With sexual harassment stories topping the news almost nightly, human resource departments are proactively seeking to create cultures free of what we are coming to know as “me too moments.” The best training in the world may not stop the type of serial predictors that have dominated the headlines.
Yet, there are insights from social scientific research that might be valuable in making the workplace a more comfortable environment. Numerous studies have found that men appear to be more likely to misinterpret women as being flirtatious when they are simply being friendly. Evidence of this is not just coming from academia either. A grocery chain had to reevaluate its customer greeting program when female workers reported the store’s policy of welcoming customers with enthusiasm resulted in unappreciated proposals in the parking lot. Before we delve into how this information can be helpful, lets clearly establish inappropriate takeaways from it:
- It is not a call for women to change the way they do things. Historically, women have been blamed for provoking such encounters. Women have the right to be warm, kind and authentic without being misunderstood.
- It is not an excuse for bad behavior.
- It is not meant to make men look foolish, vain or egotistical.
This last point is especially important. Bloggers have had a field day with such studies, playfully proclaiming “Men Can’t Help But Think We’re All Flirting With Them.” While such headlines may be humorous, they are far from helpful. Misinterpreting female motives is a documented mistake that many (not all) men are prone to making. Perhaps recognizing this tendency can help them reinterpret such situations for more accurate perceptions. A little self-awareness can go a long way. Perhaps an internal dialogue is in order when men are tempted to assume that a female colleague is flirting with them. Yes, gentlemen, I am asking you to talk to yourselves:
- Acknowledge your internal reactions.
- Remind yourselves that statistically you have a high probability of being incorrect.
- Actively redefine the situation in order to realize that she is being a caring co-worker, a team player or simply a nice person.
It is important for men to raise their consciousness even when they do not have the slightest intention of behaving inappropriately. I wonder how familiar some variation of this scenario sounds to other women? You are introduced to a new co-worker. Knowing how stressful the first day can be, you give him your very best welcome aboard, I am on your side smile. He immediately takes a step back and mentions his wife and children 10 times in the next 5 minutes. While his loyalty to his family is commendable and he can not be faulted for it, it is extremely embarrassing to have your good will be misconstrued in such a way. It makes for an awkward environment. Some women may overcompensate by becoming aloof, shunning social occasions that are critical to networking or avoiding questions whose answers are necessary for proper job performance. There can be collateral damage to careers even when no one would dream of violating professional boundaries.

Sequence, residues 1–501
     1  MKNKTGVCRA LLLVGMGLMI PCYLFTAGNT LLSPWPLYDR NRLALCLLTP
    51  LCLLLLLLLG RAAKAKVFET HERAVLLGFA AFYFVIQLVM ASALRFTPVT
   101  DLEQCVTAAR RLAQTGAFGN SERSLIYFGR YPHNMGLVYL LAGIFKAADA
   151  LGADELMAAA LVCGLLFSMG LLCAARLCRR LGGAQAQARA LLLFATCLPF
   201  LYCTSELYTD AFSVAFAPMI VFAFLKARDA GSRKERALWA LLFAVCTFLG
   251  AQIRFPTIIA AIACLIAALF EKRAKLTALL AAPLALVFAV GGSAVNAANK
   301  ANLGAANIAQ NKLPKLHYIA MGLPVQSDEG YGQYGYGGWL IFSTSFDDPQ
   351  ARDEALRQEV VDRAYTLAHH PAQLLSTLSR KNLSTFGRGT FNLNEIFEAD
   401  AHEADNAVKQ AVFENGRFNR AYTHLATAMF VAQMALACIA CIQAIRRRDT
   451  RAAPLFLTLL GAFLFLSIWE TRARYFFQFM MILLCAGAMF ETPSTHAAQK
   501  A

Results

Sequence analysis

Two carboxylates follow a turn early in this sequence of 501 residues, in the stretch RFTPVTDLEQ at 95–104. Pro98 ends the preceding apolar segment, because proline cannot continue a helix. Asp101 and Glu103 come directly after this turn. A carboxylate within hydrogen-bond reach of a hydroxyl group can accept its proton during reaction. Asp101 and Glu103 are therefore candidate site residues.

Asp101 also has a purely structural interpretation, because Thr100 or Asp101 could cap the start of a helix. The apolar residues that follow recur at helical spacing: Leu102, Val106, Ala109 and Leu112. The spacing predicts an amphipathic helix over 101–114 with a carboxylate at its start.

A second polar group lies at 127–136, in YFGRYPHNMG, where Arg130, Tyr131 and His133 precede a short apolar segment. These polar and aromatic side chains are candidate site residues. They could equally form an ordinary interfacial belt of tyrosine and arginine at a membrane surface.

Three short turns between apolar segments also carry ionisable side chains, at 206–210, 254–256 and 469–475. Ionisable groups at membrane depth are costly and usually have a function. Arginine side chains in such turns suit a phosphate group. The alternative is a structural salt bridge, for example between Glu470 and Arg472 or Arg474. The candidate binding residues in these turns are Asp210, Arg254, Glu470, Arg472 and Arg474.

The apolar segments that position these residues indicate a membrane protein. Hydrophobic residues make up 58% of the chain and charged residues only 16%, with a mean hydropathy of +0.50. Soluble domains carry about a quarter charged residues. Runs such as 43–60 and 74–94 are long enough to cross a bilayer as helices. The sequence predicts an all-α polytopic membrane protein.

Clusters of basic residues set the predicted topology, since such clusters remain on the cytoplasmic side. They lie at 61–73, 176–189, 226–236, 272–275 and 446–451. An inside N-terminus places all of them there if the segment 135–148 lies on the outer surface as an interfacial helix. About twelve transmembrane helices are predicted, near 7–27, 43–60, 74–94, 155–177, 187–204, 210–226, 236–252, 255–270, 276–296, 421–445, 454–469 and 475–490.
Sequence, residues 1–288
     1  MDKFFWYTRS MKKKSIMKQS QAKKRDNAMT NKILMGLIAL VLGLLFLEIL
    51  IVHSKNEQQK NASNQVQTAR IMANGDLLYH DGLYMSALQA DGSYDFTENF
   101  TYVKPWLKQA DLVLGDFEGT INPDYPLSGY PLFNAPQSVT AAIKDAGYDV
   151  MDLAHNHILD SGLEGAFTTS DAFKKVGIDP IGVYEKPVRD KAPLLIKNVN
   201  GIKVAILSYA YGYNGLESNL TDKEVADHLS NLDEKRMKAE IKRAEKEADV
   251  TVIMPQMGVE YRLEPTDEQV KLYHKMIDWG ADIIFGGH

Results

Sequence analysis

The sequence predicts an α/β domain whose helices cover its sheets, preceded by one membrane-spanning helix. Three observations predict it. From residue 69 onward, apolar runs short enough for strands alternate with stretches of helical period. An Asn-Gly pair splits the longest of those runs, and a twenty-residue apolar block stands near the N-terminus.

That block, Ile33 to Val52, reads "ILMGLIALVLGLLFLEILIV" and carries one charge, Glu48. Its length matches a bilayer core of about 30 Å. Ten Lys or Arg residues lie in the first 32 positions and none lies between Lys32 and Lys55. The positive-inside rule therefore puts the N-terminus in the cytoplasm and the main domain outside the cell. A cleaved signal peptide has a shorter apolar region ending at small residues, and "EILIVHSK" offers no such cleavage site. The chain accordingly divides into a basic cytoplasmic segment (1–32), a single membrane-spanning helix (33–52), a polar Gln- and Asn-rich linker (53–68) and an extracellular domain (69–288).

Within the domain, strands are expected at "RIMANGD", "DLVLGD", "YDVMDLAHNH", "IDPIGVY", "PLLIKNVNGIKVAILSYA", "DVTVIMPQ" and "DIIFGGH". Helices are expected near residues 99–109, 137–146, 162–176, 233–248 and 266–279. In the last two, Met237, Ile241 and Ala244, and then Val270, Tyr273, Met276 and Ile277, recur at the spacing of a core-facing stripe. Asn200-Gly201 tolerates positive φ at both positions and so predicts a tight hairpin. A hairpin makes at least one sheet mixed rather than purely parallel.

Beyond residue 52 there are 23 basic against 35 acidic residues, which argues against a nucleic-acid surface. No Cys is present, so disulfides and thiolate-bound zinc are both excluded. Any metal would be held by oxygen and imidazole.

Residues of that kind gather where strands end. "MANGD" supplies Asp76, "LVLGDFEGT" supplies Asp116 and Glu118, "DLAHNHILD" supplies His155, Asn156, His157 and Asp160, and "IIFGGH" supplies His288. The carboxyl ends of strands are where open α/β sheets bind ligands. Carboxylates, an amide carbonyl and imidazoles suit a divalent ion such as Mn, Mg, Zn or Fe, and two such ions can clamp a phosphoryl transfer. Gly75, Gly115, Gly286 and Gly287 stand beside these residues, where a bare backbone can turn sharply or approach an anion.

Power adds another layer of complexity to these dynamics, that all leaders should be cognizant of. When you are the boss, you influence lives. Subordinates will pay you deference. They will laugh at your jokes, pretend your suggestions are brilliant and go out of their way to be helpful. Good teachers learn this quickly. Those students who get blue ribbons in syphocancy are just lobbying for better grades. Wise educators are able to discern how others feel towards them as individuals versus the roles that they play. Being nice to a superior is about self-preservation, and it is critical all those entrusted with authority understand this. While most of us know it on an intellectual level, reminding ourselves now and again in a way that helps us truly internalize it is a prudent practice.
Is awareness alone the panaceas to prevent sexual harassment? Certainly not. As already mentioned, it will do little to curtail those who compulsively abuse their power just as road signs rarely stop drivers who do not believe the rules apply to them. But most people are not pathological predators beyond redemption! Most are decent human beings trying to do the best they can in a world full of ever changing norms.
There is no one quick fix to this multifaceted problem. Yet, if men can acknowledge that they are vulnerable to misinterpreting female behavior, it just may have some impact in preventing those horribly awkward situations we would all like to avoid. We also need to talk about this much more openly than we do, to co-create solutions with honest conversations. Perhaps the more dialogue we can encourage, the fewer me too moments we will have to recover from.
Sherie Sanders is part of the GovLoop Featured Contributor program, where we feature articles by government voices from all across the country (and world!). To see more Featured Contributor posts, click here.